First published in The Times, Friday April 7 2017
How often do we reach for technology – unlock our phones or fire up our laptops – to escape the daily grind or overcome the transient blues? In Stef Smith’s new play, Polly (Rosalind Sydney) and Owen (Michael Dylan) are that enviable couple who appear to have it all: youth, energy, career success and a genuine, burgeoning love. Still, there is something almost inevitable about Polly’s tragic slide into dependency on a seductive new piece of hardware.
While Smith’s play is, in outline, the latest cautionary tale about technology gone mad, it also convinces as a portrait of slow-burning addiction. When Owen shows Polly the innocuous-looking headset he has liberated from the hospital he works in, where it is used in palliative care, he pitches it as a taster for some new and inviting drug. (“It’s like the dealer giving the first gram out for free.”) Before long, Owen is in despair at the amount of time Polly is spending immersed in the heightened sensations offered by her new device.
Pic: Mihaela Bodlovic
Orla O’Loughlin’s well-paced production repeatedly takes us within the narcotic haze of Polly’s second life, which so contrasts with the mechanics of her profession. A drawback here is the lack of suspense as to whether Polly will continue to indulge in this bracing experience or settle for reality once she has realised the consequences of plugging in. The world the couple inhabits, as rendered by Neil Warmington, the designer, and Sergey Jakovsky, the lighting designer, is the last word in bland good taste, airless and badly in need of some colour or wonder. To hammer the point home, the set comes wrapped in an anonymous container, like a packing crate.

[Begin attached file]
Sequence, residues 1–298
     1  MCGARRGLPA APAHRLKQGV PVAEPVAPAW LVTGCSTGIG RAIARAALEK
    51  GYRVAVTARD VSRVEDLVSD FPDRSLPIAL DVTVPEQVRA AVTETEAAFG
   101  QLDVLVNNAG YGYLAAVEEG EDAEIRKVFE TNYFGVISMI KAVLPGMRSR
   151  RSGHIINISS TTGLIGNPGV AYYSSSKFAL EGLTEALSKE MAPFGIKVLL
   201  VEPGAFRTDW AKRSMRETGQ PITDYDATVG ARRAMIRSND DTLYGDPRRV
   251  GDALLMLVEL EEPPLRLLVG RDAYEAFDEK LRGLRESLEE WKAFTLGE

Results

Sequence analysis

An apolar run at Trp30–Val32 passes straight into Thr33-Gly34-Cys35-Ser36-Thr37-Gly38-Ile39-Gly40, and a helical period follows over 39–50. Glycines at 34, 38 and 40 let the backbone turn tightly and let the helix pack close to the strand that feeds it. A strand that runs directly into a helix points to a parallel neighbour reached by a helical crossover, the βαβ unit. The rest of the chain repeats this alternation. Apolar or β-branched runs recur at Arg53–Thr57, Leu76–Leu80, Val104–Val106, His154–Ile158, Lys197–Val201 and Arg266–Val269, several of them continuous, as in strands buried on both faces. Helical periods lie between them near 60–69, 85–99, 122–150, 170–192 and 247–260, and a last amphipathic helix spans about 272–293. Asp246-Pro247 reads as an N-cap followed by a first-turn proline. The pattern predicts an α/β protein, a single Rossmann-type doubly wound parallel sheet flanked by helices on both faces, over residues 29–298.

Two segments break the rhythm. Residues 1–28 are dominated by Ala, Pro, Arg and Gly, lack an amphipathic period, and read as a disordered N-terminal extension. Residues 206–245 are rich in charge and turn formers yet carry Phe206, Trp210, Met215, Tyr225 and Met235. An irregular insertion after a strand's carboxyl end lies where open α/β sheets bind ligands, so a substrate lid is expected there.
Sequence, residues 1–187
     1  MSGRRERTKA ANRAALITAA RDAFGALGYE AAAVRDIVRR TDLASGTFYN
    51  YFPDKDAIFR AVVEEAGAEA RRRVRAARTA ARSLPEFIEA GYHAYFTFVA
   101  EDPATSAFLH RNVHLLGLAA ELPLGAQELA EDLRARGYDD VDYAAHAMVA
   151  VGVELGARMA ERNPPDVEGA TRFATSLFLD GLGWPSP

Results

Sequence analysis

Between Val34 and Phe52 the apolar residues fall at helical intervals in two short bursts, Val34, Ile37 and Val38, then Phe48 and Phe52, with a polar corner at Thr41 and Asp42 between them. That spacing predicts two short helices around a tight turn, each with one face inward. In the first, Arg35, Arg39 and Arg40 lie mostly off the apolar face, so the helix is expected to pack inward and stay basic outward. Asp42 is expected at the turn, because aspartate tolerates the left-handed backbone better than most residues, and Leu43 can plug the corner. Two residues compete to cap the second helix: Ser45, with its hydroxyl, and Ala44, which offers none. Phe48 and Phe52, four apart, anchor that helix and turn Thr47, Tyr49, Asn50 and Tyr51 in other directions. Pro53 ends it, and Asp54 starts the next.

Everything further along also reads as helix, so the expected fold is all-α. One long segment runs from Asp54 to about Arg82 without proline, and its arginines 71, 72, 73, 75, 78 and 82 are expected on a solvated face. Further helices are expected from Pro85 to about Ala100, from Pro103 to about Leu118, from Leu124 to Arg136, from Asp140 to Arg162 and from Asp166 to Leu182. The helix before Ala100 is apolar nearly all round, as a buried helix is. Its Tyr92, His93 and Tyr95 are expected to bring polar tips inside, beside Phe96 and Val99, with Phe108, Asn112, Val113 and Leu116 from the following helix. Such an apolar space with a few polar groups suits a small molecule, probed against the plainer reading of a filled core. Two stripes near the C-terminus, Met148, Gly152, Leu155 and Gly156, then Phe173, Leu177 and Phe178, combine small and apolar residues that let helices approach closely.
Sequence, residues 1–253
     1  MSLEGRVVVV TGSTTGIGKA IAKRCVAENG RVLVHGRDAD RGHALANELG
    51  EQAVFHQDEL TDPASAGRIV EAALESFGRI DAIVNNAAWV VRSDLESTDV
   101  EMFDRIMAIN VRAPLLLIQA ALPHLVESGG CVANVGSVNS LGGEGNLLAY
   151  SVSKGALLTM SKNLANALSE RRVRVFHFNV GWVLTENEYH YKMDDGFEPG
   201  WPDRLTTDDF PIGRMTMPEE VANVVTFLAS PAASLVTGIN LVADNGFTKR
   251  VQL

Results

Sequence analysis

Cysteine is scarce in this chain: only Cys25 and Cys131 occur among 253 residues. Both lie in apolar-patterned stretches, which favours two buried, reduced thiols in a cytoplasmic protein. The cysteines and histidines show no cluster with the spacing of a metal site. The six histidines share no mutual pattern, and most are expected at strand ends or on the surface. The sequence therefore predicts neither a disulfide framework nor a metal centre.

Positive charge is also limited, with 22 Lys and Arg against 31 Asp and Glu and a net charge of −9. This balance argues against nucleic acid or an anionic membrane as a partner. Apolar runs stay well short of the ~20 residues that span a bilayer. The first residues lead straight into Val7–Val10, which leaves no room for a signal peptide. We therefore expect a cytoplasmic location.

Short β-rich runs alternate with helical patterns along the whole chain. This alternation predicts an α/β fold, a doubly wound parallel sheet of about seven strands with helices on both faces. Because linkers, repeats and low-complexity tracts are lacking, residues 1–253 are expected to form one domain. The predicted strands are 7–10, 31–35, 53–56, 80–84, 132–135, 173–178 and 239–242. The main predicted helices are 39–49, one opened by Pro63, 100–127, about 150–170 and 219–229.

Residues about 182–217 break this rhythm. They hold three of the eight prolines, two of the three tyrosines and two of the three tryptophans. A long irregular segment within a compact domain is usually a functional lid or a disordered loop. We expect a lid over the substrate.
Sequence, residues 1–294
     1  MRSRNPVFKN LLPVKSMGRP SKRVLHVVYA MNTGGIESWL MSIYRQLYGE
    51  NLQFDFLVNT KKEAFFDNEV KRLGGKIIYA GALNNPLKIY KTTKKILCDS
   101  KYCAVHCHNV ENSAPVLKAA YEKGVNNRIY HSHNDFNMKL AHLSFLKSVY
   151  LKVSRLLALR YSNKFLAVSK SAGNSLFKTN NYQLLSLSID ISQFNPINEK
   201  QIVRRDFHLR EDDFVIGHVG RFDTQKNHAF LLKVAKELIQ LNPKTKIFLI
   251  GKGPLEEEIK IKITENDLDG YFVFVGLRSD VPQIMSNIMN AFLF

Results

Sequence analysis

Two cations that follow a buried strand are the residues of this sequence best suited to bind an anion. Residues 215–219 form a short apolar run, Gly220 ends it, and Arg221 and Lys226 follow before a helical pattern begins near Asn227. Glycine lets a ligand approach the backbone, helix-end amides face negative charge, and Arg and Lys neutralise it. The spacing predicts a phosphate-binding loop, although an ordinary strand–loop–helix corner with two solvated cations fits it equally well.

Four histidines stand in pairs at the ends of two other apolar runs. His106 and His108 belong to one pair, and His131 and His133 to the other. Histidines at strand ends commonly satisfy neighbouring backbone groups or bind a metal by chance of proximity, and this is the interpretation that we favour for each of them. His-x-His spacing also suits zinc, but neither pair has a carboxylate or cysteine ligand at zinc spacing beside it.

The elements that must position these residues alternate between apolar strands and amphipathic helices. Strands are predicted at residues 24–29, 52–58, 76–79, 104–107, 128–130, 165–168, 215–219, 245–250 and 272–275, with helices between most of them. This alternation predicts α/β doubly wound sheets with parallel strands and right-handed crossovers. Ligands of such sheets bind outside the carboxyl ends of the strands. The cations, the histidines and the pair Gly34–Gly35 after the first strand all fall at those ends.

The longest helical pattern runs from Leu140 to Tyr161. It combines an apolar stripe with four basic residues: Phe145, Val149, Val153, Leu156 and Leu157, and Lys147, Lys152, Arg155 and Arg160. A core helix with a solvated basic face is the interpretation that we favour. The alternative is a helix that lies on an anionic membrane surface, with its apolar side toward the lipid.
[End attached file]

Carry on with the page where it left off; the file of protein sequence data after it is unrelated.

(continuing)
Pic: Mihaela Bodlovic
Nonetheless, Smith’s script is poignant about the ways in which we neglect what is right in front of our eyes in favour of that which is mediated or enhanced. In one particularly effective scene, the playwright shows her lovers exploring each other’s bodies, inch by defenceless inch, only for the memory of their erotic night to be obliterated by a drinking binge. Sydney and Dylan respond to the playwright’s careful delineation of the wonders and limitations of love with tender and moving performances.